There were Blu-ray players, DAB radios, amazing sound everywhere from every time someone from the PR team touched a touchscreen. Everything’s getting so high-end these days, the most impressive point of difference about this speaker was the fact it had a handle:
And I found myself genuinely admiring it for that.
But at the end of the speaker parade, the one item that caught my eye was this:
Now that’s a proper Bluetooth speaker – 10 speakers pumping out 1700 watts says so.
It will also definitely look dated in about seven months time, but if you’re like me and wanting it for the twin karaoke mic inputs, you gave up caring what other people think long, long ago.
All these things were very important to Panasonic, but I had to grab Tassone for another chat about one thing he mentioned when spruiking the OLED.
For all the talk of true blacks, education campaigns, organic LEDs and how to properly pronounce “Technics” (Europeans say “Techniques”), the thing that had bugged me all morning was how to get stuff on my phone to show on a TV.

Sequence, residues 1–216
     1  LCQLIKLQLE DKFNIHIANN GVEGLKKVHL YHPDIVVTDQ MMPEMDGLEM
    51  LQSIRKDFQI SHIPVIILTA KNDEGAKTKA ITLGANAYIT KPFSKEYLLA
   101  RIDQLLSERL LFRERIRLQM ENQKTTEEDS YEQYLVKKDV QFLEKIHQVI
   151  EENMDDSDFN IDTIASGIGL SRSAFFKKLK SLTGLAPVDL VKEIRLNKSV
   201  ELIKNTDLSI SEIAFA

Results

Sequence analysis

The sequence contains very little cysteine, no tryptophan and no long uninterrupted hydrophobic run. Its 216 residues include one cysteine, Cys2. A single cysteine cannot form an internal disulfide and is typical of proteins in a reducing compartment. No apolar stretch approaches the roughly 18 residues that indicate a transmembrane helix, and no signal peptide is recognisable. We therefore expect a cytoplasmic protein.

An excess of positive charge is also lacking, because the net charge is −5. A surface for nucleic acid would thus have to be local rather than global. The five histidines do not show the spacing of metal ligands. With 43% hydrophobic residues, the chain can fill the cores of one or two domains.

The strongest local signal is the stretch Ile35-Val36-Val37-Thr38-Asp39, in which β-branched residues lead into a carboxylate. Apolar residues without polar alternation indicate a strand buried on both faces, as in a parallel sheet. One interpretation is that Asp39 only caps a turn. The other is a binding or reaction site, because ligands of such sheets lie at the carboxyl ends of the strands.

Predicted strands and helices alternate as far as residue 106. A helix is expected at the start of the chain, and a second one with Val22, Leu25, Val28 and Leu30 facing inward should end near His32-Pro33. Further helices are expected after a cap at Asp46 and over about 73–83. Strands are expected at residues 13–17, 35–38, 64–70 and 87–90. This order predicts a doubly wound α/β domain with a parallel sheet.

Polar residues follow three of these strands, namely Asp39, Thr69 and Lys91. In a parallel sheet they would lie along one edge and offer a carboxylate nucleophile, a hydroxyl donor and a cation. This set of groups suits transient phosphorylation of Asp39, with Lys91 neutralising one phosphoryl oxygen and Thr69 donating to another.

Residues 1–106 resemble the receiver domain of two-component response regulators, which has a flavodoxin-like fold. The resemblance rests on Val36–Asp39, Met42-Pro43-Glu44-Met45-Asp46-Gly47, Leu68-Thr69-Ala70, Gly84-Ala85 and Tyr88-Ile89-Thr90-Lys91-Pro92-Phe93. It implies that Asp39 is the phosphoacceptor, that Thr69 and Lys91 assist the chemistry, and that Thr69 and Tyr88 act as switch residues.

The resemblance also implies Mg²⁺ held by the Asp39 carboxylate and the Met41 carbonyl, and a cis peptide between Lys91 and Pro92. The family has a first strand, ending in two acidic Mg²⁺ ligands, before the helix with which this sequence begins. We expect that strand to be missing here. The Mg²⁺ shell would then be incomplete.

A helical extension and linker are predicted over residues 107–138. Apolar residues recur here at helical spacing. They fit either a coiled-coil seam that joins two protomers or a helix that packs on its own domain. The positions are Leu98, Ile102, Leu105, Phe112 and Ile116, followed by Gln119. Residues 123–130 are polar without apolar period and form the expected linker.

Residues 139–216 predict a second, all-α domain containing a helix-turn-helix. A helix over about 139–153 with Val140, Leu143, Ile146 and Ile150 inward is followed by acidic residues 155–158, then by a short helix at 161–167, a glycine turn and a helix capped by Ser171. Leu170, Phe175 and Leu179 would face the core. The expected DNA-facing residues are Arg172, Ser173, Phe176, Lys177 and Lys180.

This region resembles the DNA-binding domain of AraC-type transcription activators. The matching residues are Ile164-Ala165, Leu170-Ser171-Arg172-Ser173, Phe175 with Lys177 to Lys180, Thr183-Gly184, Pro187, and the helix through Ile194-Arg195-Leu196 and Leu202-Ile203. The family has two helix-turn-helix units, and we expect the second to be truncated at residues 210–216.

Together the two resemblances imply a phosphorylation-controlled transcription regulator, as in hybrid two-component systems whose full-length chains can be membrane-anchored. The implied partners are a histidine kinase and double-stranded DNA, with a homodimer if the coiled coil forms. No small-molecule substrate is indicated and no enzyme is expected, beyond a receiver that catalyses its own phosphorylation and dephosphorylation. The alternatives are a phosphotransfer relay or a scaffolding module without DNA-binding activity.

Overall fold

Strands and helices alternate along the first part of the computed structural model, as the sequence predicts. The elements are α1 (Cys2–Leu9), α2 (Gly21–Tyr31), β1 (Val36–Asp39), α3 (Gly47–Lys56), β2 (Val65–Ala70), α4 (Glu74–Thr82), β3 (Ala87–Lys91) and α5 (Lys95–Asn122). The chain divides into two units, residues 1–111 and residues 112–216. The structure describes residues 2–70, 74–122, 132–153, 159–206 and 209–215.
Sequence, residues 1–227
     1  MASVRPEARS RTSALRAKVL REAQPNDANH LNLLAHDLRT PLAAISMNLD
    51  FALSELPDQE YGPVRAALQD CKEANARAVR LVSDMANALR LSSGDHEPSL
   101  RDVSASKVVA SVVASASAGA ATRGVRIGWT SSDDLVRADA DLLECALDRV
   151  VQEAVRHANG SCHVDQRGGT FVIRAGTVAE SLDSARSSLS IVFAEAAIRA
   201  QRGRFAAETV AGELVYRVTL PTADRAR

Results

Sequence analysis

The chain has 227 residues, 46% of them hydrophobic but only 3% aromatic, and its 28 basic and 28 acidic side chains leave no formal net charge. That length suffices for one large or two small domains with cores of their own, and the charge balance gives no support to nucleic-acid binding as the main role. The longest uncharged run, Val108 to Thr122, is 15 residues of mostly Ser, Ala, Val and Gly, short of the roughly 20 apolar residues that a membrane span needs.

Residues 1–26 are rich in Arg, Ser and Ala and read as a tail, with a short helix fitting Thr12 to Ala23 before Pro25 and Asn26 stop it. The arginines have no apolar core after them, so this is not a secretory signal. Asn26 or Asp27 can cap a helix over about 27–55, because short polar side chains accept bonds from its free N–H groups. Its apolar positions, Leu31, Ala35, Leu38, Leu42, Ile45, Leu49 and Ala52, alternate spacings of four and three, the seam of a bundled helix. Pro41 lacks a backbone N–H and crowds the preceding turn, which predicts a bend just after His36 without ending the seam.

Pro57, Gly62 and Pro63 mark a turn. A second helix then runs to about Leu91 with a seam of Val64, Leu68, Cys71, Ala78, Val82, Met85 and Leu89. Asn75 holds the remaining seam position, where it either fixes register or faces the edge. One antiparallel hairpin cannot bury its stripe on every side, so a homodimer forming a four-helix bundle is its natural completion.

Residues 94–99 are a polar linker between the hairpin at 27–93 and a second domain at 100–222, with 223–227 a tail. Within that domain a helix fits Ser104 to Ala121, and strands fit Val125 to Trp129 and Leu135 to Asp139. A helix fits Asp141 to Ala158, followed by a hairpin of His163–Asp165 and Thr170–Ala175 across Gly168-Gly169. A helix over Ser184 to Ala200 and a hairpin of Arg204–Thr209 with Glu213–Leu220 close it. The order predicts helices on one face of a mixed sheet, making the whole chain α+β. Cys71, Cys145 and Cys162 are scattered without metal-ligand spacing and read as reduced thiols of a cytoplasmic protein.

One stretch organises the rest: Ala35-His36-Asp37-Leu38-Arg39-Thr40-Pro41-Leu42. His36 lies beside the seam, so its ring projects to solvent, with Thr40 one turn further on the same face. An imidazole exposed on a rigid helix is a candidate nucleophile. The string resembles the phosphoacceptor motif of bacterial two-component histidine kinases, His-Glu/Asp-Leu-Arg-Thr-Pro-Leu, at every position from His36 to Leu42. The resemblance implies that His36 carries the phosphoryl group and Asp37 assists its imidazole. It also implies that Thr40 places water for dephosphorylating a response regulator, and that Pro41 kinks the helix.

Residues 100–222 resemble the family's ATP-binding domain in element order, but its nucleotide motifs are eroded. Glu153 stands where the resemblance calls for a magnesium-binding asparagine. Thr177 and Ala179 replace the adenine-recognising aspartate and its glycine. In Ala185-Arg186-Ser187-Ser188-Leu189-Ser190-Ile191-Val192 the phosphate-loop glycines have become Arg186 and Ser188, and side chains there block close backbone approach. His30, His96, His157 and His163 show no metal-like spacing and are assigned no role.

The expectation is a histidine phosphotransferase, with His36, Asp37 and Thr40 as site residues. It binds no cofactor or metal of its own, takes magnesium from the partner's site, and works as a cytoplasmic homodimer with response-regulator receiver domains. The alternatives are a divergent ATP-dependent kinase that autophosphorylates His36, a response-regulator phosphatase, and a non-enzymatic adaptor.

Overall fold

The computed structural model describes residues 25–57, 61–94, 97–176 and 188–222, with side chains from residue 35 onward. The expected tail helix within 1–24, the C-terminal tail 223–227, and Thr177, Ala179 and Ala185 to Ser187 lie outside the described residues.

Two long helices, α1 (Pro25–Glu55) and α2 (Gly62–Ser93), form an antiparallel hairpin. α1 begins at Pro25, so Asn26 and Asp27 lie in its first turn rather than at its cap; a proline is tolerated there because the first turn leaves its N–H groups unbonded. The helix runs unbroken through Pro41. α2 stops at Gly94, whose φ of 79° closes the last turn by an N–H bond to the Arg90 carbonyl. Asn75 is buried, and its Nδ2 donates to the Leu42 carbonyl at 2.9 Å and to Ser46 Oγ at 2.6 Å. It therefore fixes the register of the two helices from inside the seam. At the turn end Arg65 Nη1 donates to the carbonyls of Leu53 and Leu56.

That’s because the night before I had once again regretted not packing my Chromecast and spent way too much time trying not to pay $16 to watch a movie on my hotel TV.
This is now the familiar ritual. I’m going to go right through it, just in case you’d forgotten how onerous it is.
Yes, screen mirroring. Click.
Yes, yes. Click
I know I’ve got at least V4.2.2, Jelly Bean. Click.
What? I’m holding the remote; that’s how I got here.
Now I have to input a code from that same remote. Click.
It was at this point I realised I needed to look at my phone. That was when I realised the latest version of Android – Nougat – had disabled Miracast on my Nexus 6P.
This was new to me, but not to the pages of people complaining about it on Google, as I soon found out.
There was a workaround involving rootkits and dev options on my phone, which didn’t work.
I installed three different apps claiming to smooth out the process, which didn’t work.
So, FFS. End up with Netflix on the laptop on a chair:
This is 2017. It shouldn’t have to be this way.
So when Tassone briefly mentioned how the EZ1000 was of course, packaged with Panasonic’s “swipe and share” technology, boy, was I ready to hear it. Point your phone at the TV, swipe off the top of the small screen, and content magics through the air to the big screen:
In fact, that video is from 2012.
Panasonic haven’t gone silent at all. I just haven’t been listening.
And that is exactly why it sometimes pays for company to launch “education campaigns”.